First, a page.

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Japanese Australians seek to block Korean 'comfort women' memorial

South Korea and Japan may have officially settled their disputes over so-called "comfort women" in 2015, but expatriate communities are involved in a bitter legal fight in Australia.

A spat between Japanese and Korean community groups in Australia over a memorial to so-called "comfort women" spilled into the jurisdiction of the country's Human Rights Commission on Thursday, following a complaint of racial vilification.

A Korean-Chinese group founded to raise awareness of Japanese war crimes in Australia installed a statue of a young girl on the grounds of a protestant church in Sydney in August after an initially receptive local council backed out following pressure from the Japanese community.

The statue was provided by a group called the Korean Committee of United Austral Korean-Chinese Alliance Against Japanese War Crimes.

A small group of about 30 people founded the Australia-Japan Community Network in 2014 to oppose the erection of memorials to "comfort women." On Thursday the group said it had lodged a complaint under Australia's controversial racial vilification laws. 

"We feel we are intimidated. We were targeted, that is for sure. The 'comfort women' statues being erected all over the world have never been a peaceful monument or commemoration for women," AJCN President Tetsuhide Yamaoka told public broadcaster ABC on Wednesday.   

"They are always used as a tool of political activities or campaigns against Japan."

Meanwhile, Si Hyun Paik, from the Peace Statue Establishing Committee, told ABC that "this is our effort to restore the honor and dignity of those girls who were abducted by Japanese military force during World War II."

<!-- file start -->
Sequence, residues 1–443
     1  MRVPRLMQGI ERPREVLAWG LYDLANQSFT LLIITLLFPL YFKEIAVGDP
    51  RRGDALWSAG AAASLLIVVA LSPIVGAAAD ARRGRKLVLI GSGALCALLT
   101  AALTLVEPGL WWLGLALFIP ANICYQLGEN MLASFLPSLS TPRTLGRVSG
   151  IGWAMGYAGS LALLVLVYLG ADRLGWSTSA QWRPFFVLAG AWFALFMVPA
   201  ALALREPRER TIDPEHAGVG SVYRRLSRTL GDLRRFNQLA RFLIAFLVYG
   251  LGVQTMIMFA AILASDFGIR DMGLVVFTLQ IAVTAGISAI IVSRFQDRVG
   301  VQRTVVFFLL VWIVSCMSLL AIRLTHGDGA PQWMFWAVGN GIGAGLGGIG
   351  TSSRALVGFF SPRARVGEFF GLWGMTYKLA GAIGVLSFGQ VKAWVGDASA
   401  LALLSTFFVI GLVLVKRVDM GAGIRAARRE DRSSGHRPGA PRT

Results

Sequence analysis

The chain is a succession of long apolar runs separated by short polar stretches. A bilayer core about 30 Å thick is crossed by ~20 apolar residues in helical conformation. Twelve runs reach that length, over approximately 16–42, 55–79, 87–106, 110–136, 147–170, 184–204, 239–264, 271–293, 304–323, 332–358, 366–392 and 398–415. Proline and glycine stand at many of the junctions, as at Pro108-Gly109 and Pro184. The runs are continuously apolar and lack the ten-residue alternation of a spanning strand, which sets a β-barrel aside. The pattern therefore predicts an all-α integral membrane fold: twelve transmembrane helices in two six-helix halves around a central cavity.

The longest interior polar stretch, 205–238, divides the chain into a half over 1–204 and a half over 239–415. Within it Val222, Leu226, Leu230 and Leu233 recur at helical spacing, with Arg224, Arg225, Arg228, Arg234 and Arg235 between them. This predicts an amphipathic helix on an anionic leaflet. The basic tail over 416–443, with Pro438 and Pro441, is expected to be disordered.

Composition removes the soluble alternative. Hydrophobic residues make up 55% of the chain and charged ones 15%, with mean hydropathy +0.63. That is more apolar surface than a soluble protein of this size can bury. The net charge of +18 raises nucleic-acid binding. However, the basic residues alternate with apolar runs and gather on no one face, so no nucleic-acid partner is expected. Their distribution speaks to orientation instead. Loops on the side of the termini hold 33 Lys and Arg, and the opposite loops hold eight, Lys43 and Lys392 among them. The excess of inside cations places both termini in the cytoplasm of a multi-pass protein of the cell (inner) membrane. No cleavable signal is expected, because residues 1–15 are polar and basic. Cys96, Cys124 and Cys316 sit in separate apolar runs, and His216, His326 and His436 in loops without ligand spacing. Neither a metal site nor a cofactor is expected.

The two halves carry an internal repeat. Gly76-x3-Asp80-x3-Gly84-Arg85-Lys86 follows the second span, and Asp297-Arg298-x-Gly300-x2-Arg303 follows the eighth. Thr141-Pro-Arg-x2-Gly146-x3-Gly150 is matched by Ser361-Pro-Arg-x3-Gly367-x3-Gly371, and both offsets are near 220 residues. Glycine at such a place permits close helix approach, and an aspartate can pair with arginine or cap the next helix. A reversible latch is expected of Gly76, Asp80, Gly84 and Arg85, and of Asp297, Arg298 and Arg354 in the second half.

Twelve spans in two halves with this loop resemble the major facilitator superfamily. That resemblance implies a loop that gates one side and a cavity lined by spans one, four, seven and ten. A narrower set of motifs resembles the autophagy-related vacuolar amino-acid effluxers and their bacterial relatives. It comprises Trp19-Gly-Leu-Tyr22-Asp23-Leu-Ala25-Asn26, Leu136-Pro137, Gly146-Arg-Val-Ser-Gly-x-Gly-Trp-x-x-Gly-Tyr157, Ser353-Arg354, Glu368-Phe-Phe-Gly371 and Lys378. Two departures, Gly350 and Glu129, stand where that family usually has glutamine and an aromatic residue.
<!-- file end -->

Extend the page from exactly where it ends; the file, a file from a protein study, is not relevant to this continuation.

'No antipathy towards Japan'

Bill Crews, a Christian minister of the Uniting Church, speaks at a press conference (picture-alliance/dpa/Yonhab)

Church minister Bill Crews said the statue was not meant to denigrate any country or race

The church's minister Bill Crews said the only change he would consider to the position of the 1.5-meter statue, which was imported from Korea, would be to display it more prominently.

"I find it very sad," Crews said of the complaint. "To me, it's about the suffering of the women. I've got no antipathy toward the Japanese people."

Under Australian law it is illegal to "offend, insult, humiliate or intimidate" a person on the basis of "race, color or national or ethnic origin". Critics of the law argue curbs freedom of speech, the legislation is being reviewed by a parliamentary inquiry.

In December 2015 Korea and Japan agreed the issue of "comfort women" was resolved after Japan agreed to apologize and promised about one billion yen (8.10 million euros) in compensation for victims.

aw/msh (AP, dpa, Reuters)

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